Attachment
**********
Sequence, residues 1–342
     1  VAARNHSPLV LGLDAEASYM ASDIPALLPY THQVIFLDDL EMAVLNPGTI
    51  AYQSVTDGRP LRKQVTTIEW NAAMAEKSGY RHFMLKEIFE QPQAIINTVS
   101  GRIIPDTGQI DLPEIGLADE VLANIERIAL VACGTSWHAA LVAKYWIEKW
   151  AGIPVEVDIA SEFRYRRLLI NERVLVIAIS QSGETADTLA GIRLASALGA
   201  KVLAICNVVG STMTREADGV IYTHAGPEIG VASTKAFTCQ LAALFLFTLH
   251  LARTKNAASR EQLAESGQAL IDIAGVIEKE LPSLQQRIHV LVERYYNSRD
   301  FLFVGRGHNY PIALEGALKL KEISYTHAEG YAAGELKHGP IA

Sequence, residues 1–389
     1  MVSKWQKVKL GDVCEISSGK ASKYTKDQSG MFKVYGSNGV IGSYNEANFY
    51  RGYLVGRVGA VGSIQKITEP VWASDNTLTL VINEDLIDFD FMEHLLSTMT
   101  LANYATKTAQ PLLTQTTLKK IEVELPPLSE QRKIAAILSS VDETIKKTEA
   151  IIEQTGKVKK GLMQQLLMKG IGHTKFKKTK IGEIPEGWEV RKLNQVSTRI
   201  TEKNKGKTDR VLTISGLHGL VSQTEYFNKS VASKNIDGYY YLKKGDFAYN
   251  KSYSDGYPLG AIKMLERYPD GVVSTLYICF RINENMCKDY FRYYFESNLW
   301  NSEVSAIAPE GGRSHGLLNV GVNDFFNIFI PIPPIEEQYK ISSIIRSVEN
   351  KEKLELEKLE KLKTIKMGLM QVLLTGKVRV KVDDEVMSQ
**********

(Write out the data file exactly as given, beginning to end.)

Sequence, residues 1–342
     1  VAARNHSPLV LGLDAEASYM ASDIPALLPY THQVIFLDDL EMAVLNPGTI
    51  AYQSVTDGRP LRKQVTTIEW NAAMAEKSGY RHFMLKEIFE QPQAIINTVS
   101  GRIIPDTGQI DLPEIGLADE VLANIERIAL VACGTSWHAA LVAKYWIEKW
   151  AGIPVEVDIA SEFRYRRLLI NERVLVIAIS QSGETADTLA GIRLASALGA
   201  KVLAICNVVG STMTREADGV IYTHAGPEIG VASTKAFTCQ LAALFLFTLH
   251  LARTKNAASR EQLAESGQAL IDIAGVIEKE LPSLQQRIHV LVERYYNSRD
   301  FLFVGRGHNY PIALEGALKL KEISYTHAEG YAAGELKHGP IA

Sequence, residues 1–389
     1  MVSKWQKVKL GDVCEISSGK ASKYTKDQSG MFKVYGSNGV IGSYNEANFY
    51  RGYLVGRVGA VGSIQKITEP VWASDNTLTL VINEDLIDFD FMEHLLSTMT
   101  LANYATKTAQ PLLTQTTLKK IEVELPPLSE QRKIAAILSS VDETIKKTEA
   151  IIEQTGKVKK GLMQQLLMKG IGHTKFKKTK IGEIPEGWEV RKLNQVSTRI
   201  TEKNKGKTDR VLTISGLHGL VSQTEYFNKS VASKNIDGYY YLKKGDFAYN
   251  KSYSDGYPLG AIKMLERYPD GVVSTLYICF RINENMCKDY FRYYFESNLW
   301  NSEVSAIAPE GGRSHGLLNV GVNDFFNIFI PIPPIEEQYK ISSIIRSVEN
   351  KEKLELEKLE KLKTIKMGLM QVLLTGKVRV KVDDEVMSQ